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Fighting for Clean Air in the Shadow of Oil Refineries

Explosions, toxic clouds, chemical accidents–and the ill health effects they can cause—are a regular part of life for communities existing in the shadow of oil refineries. In 2014, the EPA finally began developing a plan to control these toxic time bombs. Learn more about the people fighting for cleaner air and stand with them!

  • Refineries Slide Show
    ERIC KAYNE / EARTHJUSTICE
  • Chrisangel Nieto, 3, rides his tricycle in Hartman Park, the Manchester neighborhood of Houston, Texas. The Valero refinery looms in the background and releases over 114,000 lbs. of toxic air pollutants annually. Some of the highest levels of benzene and 1,3-butadiene emissions in the nation have been found in this community. Children like Chrisangel, who live in this area, have a 56 percent greater chance of getting leukemia than children who live elsewhere, according to researchers from the University of Texas’s School of Public Health. Exposure to benzene and 1,3-butadiene is known to cause leukemia.

    Eric Kayne / Earthjustice
  • Oranges grow in the Manchester neighborhood in Houston, which abuts a Valero refinery near the Houston ship channel. The soil in the neighborhood is often contaminated and the fruit is covered in soot, according to reports from local residents. “We were having our home tested for lead by the city, and the scientist who came to test in our home said, 'Your soil is pretty contaminated and I hope you are not eating from those fruit trees outside your house.’ We have peaches and plums also but we stopped eating the peaches a while back after I started getting stomach aches,” said local resident Yudith Nieto.

    Eric Kayne / Earthjustice
  • A sign sits in the middle of a piece of property purchased by Valero in the Manchester neighborhood of Houston. Valero has bought multiple properties in the neighborhood that abuts its refinery. Residents have seen Valero either leave the land vacant or create parking lots. This has divided neighborhoods and isolated remaining residents.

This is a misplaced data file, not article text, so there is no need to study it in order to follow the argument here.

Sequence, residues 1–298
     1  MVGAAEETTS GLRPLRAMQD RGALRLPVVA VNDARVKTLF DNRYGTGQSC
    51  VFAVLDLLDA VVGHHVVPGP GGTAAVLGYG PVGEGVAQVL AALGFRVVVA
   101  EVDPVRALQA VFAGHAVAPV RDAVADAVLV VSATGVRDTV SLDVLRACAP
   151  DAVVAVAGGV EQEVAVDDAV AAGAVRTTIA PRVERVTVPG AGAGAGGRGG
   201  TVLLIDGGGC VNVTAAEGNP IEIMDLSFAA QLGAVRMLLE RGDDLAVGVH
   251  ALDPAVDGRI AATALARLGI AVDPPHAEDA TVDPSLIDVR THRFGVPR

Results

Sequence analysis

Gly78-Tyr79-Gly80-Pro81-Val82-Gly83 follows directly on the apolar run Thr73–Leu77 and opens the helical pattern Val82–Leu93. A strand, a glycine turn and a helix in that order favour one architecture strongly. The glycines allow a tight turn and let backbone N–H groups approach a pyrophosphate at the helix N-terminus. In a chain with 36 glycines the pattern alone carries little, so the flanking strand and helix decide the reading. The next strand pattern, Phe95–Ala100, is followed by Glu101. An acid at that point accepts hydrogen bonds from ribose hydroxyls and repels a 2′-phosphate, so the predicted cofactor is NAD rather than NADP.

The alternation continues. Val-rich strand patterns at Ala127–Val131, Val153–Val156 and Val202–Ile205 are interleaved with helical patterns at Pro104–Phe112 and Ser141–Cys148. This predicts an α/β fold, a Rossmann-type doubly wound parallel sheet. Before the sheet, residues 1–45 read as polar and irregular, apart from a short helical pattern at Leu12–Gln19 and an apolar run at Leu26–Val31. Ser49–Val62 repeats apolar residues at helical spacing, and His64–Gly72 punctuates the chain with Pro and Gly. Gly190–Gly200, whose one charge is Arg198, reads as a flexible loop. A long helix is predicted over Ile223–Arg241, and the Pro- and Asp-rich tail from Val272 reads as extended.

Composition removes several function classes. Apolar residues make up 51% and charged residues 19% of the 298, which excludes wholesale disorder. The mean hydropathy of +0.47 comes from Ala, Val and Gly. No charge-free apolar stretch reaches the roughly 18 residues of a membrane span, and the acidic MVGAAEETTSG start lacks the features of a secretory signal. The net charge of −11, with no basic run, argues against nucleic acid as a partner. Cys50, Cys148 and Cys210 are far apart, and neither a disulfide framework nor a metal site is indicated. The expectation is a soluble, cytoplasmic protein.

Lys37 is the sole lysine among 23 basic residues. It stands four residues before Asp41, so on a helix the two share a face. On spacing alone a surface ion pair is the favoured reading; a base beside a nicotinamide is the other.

Eric Kayne / Earthjustice
  • Chemical plants as well as oil refineries surround the Manchester community. The EPA does not assess the full health impact of contaminants from different kinds of air toxic sources; therefore, residents do not have adequate information about how their health is being affected by the mixture pollutants being pumped into their air. Manchester is just one of many communities in America that face this situation. Map provided by T.E.J.A.S.

  • Activist Yudith Nieto holds an air sampler in the Manchester neighborhood of Houston, Texas. Nieto lives in the neighborhood and tests the ambient air anytime she smells something "funny" outside. It is nearly impossible to find out in real time what chemicals are being emitted by the facilities in Manchester from any data collected by regulators, so Nieto and others work to monitor the air as best they can. Citizen monitoring has become a way for people who live right next to these facilities to take action and hold these refineries accountable, where EPA and local regulators are failing to protect them. In Manchester the program is led by Texas Environmental Justice Advocacy Services.

    Eric Kayne / Earthjustice
  • Less than two hours from Manchester sits Port Arthur, Texas - another community that lives in the shadow of oil refineries. The community is surrounded by 8 major oil and chemical companies. Port Arthur is near the top of the list of offending cities in a state that records more than 2,500 toxic emissions events per year. Data collected by the Texas Cancer Registry indicates that cancer rates among African Americans in Jefferson County, where Port Arthur is located, are roughly 15 percent higher than they are for average Texans, and the mortality rate from cancer is more than 40 percent higher.

    Eric Kayne / Earthjustice
  • Teenagers play basketball in Port Arthur, TX. Much like Manchester, even the places to play in Port Arthur exist in the shadow of refineries and their emissions.

    Eric Kayne / Earthjustice
  • Activist Hilton Kelley points out the dilapidated, vacant buildings in downtown Port Arthur, TX. Kelley was born and raised on the west side of Port Arthur, an African-American neighborhood. At the age of 19 he joined the Navy and left town. After his service he lived in California for 21 years and became a stuntman for the television show “Nash Bridges”. During a trip back to Port Arthur in 2000, he was shocked by the total decline of his hometown. “I was disgusted with what I saw, lots of dilapidated buildings, no development, folks complaining about lack of jobs while living on the fenceline of $40-50 billion a year energy companies, large numbers of people dying or dead from cancer. I went back to California after being here for four days and I kept thinking about how someone needs to do something in Port Arthur.” Within a few weeks Kelley decided to give up his career in Hollywood and moved back to fight for his community.